Vertical video exists quite simply because we hold our phones vertically. It is a more convenient (one-handed!) and stable way to hold that rectangular brick that characterizes modern life. Convenience lead to the creation of vertical video, and also to its consumption. Horizontal videos look great on desktops and laptops, but on a phone, vertical video fills the screen.
Snapchat users watch over 2 billion videos a day, and the social media titan has been encouraging brands to create more natively vertical video. Similarly, Meerkat and Periscope users create and consume “mobile-native” video. For users who consume most of the their Internet and app content via mobile devices, vertical video is simply the right orientation.
Much of the discontent over vertical video comes from having to watch it on TV or other horizontal screens. This is particularly agonizing when watching breaking news, which often has important contextual information in the horizontal periphery.
Compare this video of Walter Scott (warning: graphic violence):
…with that of the Tianjin explosion (warning: adult language):
A vertical video of Scott would arguably have lost all the visual context being so violently gunned down while running away. The Tianjin video would have benefitted by having more horizontal information to see the blast wave (don’t be fooled by the skyscrapers).
On the other hand, this music video works vertically because it was designed to be watched on a mobile device (and is, in fact, a depiction of a mobile device).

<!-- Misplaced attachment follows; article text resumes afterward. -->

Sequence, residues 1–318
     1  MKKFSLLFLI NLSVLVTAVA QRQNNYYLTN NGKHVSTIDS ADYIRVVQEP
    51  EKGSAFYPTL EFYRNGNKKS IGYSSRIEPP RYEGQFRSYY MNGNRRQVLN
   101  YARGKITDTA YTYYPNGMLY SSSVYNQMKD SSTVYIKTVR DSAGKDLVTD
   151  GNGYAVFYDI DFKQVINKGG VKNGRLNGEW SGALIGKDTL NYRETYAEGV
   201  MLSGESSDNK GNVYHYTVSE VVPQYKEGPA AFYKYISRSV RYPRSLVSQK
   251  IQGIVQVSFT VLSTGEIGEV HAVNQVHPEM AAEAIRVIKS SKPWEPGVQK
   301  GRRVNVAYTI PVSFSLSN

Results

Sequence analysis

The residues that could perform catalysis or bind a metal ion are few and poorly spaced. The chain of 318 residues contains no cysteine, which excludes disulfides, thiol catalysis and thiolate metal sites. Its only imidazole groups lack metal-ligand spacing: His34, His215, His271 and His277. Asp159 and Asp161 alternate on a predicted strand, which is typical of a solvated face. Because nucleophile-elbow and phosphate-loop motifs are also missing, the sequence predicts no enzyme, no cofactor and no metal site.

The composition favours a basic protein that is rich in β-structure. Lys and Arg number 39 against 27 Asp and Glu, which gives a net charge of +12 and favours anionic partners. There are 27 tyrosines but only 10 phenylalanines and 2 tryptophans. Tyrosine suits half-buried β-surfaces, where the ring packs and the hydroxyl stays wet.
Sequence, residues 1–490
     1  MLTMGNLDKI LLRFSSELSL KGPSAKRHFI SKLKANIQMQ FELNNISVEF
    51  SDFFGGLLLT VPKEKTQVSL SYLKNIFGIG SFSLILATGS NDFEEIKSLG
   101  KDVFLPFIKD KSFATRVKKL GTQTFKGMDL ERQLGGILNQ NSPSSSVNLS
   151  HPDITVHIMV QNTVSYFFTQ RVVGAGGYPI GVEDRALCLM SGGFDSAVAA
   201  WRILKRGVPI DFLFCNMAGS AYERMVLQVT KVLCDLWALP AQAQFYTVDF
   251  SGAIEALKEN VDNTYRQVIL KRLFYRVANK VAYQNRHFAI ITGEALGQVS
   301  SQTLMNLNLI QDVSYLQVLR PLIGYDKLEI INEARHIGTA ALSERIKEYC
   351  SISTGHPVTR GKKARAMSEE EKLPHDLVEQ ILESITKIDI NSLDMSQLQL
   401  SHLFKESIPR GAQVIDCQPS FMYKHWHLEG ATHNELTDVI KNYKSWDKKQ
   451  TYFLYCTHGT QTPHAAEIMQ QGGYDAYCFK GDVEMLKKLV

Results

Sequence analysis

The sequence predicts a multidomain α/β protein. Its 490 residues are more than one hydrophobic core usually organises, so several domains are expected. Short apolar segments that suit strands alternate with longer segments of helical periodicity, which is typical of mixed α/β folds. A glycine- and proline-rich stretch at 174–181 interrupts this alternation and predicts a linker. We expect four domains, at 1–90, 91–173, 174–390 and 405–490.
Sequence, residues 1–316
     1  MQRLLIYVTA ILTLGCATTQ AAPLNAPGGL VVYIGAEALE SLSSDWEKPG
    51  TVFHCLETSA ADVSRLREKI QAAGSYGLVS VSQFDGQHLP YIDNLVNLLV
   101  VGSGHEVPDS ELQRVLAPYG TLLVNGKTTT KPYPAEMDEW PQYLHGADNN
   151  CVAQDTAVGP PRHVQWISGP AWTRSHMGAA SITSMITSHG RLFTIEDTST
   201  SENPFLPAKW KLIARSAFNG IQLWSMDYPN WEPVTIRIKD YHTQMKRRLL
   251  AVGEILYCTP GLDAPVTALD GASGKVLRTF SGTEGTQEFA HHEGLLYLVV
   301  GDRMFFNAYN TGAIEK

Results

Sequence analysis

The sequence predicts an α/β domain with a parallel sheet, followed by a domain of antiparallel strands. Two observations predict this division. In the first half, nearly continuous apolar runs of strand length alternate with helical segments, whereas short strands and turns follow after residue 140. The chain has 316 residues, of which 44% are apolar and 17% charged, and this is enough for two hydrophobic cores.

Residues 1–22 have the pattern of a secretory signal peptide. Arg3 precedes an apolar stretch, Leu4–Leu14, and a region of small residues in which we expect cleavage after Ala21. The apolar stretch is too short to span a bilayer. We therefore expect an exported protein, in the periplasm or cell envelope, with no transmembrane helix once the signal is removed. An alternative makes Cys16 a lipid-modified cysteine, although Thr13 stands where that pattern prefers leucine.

It’s clear that vertical video isn’t going away. Mobile-native content rules the day on mobile devices. But for people who want to shoot horizontally while holding vertically, there is a simple fix that manufacturers could make: Allow the camera to shoot horizontally in the vertical orientation by taking advantage of the fact that the sensor is more than large enough to accommodate this.
The 8-megapixel iPhone 6 camera has a pixel dimension of 3264 x 2448. Full HD video is 1920 x 1080, and 720P (which is more than adequate) is an even smaller size of 1280 x 720. A virtual switch on the camera app could switch orientations without having to hold the phone any differently.
In fact, such a camera app exists already. The Horizon Camera creates horizontal video no matter what your camera’s orientation (even tilted). But the lack of its ubiquity and/or adoption by phone manufacturers is just another reminder that vertical video is here to stay. Let the Luddites continue to bemoan the rise of vertical in a horizontal world. I’ll be trying to stand with the cool, vertical kids in the corner.
About the author: Allen Murabayashi is the Chairman and co-founder of PhotoShelter, which regularly publishes resources for photographers. Allen is a graduate of Yale University, and flosses daily. This article was also published here.